Well, this works nicely but let’s make it a little more shorter since we will probably use these image buttons quite frequently in our application. To do this, we will create a custom control called ImageButton. Create a new folder Controls and add this control to it:

public class ImageButton : Button
{
	public string ImageName
	{
		get { return (string)GetValue(ImageNameProperty); }
		set { SetValue(ImageNameProperty, value); }
	}

	public static readonly DependencyProperty ImageNameProperty =
		DependencyProperty.Register("ImageName", typeof(string), typeof(ImageButton), new PropertyMetadata(OnImageNamePropertyChanged));

	public static void OnImageNamePropertyChanged(DependencyObject d, DependencyPropertyChangedEventArgs e)
	{
		ImageButton button = d as ImageButton;
		string newValue = e.NewValue as string;

		if (newValue.IsNullOrWhiteSpace())
		{
			button.Content = null;
			return;
		}

		newValue = "/Coproject;component/Assets/Icons/{0}.png".FormatWith(newValue);
		ImageSource image = new BitmapImage(new Uri(newValue, UriKind.Relative));
		button.Content = new Image { Source = image };
	}
}

As you can see, we inherited original Button and added a property to it. The reason that ImageName is implemented as a dependency property is to enable it for binding, styling, etc. When the property is changed a new Image is inserted to the button. It would be great to add this image into ContentTemplate by style and just bind its Source property to ImageName, but since in template binding, you cannot use any converters, we would have to set ImageName in the raw form (/Coproject;component/Assets/Icons/Search.png) and that is not what we want. So that is why I’ve chosen this way. Now open Assets/Cosmopolitan/Custom.xaml and add this namespace to it:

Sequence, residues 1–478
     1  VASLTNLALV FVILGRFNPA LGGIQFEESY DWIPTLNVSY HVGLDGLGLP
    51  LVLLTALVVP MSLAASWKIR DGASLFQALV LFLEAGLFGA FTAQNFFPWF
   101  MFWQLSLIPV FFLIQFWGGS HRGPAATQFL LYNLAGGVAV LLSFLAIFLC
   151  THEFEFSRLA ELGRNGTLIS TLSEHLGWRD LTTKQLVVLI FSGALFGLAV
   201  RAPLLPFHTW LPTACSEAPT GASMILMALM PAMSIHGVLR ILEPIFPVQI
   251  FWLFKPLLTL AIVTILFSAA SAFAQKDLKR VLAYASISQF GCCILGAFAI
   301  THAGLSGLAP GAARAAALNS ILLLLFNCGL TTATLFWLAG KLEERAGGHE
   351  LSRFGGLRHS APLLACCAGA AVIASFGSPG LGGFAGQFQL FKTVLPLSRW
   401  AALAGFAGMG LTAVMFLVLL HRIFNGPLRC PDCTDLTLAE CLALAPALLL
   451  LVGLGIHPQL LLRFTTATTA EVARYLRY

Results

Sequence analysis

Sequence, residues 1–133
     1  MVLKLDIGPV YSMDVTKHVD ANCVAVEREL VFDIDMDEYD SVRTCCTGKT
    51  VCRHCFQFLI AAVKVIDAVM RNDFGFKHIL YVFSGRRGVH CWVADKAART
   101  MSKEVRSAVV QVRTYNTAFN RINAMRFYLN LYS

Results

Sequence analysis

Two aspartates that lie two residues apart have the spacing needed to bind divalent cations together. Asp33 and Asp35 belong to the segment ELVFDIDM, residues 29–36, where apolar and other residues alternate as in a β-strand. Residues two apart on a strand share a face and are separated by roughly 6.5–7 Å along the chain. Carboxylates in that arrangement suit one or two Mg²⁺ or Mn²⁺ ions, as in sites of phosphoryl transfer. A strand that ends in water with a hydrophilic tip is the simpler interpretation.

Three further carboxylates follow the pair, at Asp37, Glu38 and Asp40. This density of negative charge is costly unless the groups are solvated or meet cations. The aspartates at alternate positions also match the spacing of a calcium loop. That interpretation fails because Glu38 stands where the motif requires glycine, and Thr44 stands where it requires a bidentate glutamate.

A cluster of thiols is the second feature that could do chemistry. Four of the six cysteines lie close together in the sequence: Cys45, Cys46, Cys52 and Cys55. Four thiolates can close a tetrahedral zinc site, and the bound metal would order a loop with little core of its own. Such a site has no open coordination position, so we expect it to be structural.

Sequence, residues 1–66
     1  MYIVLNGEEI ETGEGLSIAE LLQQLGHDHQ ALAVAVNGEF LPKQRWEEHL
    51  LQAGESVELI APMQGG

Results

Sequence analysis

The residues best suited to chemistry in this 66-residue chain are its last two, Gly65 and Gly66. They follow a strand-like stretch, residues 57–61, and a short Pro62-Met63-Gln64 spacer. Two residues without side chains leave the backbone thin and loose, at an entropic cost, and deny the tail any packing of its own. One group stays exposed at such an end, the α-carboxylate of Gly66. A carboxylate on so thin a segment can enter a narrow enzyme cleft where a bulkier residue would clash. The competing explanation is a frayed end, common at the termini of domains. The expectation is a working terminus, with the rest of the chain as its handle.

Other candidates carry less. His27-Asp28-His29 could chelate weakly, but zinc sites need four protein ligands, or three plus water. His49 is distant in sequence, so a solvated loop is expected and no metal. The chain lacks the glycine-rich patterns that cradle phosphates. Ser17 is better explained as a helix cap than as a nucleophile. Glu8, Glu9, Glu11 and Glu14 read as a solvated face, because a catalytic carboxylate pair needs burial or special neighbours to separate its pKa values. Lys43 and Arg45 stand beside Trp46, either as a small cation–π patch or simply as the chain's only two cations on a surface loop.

xmlns:local="clr-namespace:Coproject.Controls"

And then add this to the end of the file, just above </ResourceDictionary>:

<Style TargetType="local:ImageButton" BasedOn="{StaticResource DefaultButtonStyle}">
	<Setter Property="Height" Value="32" />
</Style>

We are done – get back to ToDoListsView, register namespace for ImageButton as in Custom.xaml and update LoadData button:

<local:ImageButton x:Name="LoadData" Grid.Column="1" ImageName="Search" ToolTipService.ToolTip="Search" />

Update buttons in Toolbar view in the same manner:

<local:ImageButton x:Name="Edit" ImageName="Pen" ToolTipService.ToolTip="Edit" Margin="0,0,5,0" />
<local:ImageButton x:Name="Cancel" ImageName="Undo" ToolTipService.ToolTip="Cancel" Margin="0,0,5,0" />
<local:ImageButton x:Name="Save" ImageName="Save" ToolTipService.ToolTip="Save" Margin="0,0,5,0" />
<local:ImageButton x:Name="TryClose" ImageName="Close" ToolTipService.ToolTip="Close" />

That is all. I hope you like the new look!

Tags: Silverlight, Caliburn, Ria, Coproject

2 Comments

  • Albert van Peppen said

    When I found myself on this page of the tutorial I found that the eventhandling didn't work as descruibed, but gave it no notion since I wanted to run through the entire tutorial first.

    After doing the entire tutorial I came back to this point to figure out what it was that I was doing wrong.

    I found that you don't describe that you should derive the ToDoListsViewModel from IHandle<ToDoItemUpdatedEvent> as well; that was the trigger why it didn't work.

    Is this correct or did I missed something else?

    My class definition now looks like: (Note that I already did the rest of the tutorial)

    public class ToDoListsViewModel : Conductor<IToDoItemEditor>.Collection.OneActive, IModule, IHandle<ToDoItemUpdatedEvent>

    Instead of:

    public class ToDoListsViewModel : Conductor<IToDoItemEditor>.Collection.OneActive, IModule

    Albert

  • Augustin Šulc said

    @Albert
    It is mentioned in the last sentence before code exaple with "public void Handle..." - the sentence starting with "Let the view model implement IHandle<ToDoItemUpdatedEvent>..."

    I'll make it bold to be more emphasised.